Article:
“I am excited at the prospect of living without a body / I am ungrateful and this proves it” – WEALTH CENTER RISK CAPITAL
It was evident from first hearing that Mothers’ debut album might well end up being one of the coming year’s best. Released early in 2016, into a world still reeling from the loss of one irreplaceable figure, with precious little idea of the tragedies yet to come – both within the cultural sphere and without – When You Walk A Long Distance You Are Tired was an album of fractured beauty.
Based around poems, fragments and sketches by vocalist, guitarist and visual artist Kristine Leschper, the songs appeared transformed by the often intricate, multi-part structures she and her band crafted for them. Aside from the fragile, folkish lead track Too Small For Eyes, each song was like silk ribbons wrapped around the gears of an infinitely complex machine, combining Leschper’s almost uncomfortably intimate and high vocal around spidery, math-y guitar tangles and taut, fitful rhythms.
Arriving with the subtitle “an assemblage of personal vignettes and imagined scenarios that examines consent, escape of the body, power & powerlessness and the act of making”, Render Another Ugly Method takes similar routes but seems to mirror the darker turns the world has taken. Where before notes flowed and spiralled, songs like PINK* and BAPTIST TRAUMA (*block capitals preserved from the album’s own tracklisting) bristle with brittle, nervy energy (“Render another ugly method / into something thrilling”) – with hints of (very) early Pavement or Sonic Youth – while others make abrupt left-turns, tearing elements out of their own sound and reassembling them into grotesque bricolages, never quite getting back to the place they started from. Guitars weave in and out, while the rhythm section stops and starts and blends awkward, mathematical time signature changes with ease.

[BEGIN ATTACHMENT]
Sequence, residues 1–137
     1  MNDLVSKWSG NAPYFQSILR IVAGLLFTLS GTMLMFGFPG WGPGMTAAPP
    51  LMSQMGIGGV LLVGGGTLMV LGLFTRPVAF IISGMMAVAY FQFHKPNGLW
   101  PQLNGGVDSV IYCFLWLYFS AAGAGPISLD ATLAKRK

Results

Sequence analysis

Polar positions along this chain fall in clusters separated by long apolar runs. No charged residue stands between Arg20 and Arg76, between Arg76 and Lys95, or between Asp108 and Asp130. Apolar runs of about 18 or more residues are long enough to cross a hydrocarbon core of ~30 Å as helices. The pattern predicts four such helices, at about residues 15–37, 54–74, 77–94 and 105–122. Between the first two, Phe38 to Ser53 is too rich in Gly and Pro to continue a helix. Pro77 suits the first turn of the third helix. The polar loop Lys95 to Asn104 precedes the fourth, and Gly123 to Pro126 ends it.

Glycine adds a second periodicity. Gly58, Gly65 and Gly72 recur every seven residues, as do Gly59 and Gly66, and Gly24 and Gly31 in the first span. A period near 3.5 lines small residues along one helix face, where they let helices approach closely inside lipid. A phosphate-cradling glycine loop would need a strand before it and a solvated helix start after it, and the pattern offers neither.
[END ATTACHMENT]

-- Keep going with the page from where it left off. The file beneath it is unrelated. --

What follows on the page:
There are moments of beauty and serenity. Opener BEAUTY ROUTINE is disarmingly gentle, with puddling guitars, while MOTHER AND WIFE has an almost jazzy calm, but these underpin bleak, self-negating lyrics (“Brush my teeth / as an act of desperation / show me a beauty routine / to erase me completely”; “Mother, I tried”), delivered by Leschper with as much disconcerting power as her voice ever had.
Render Another Ugly Method is an album which demands careful listening, almost as it pushes away the listener, inviting interpretation as it rejects it. Often thrilling, it is rarely less than compelling.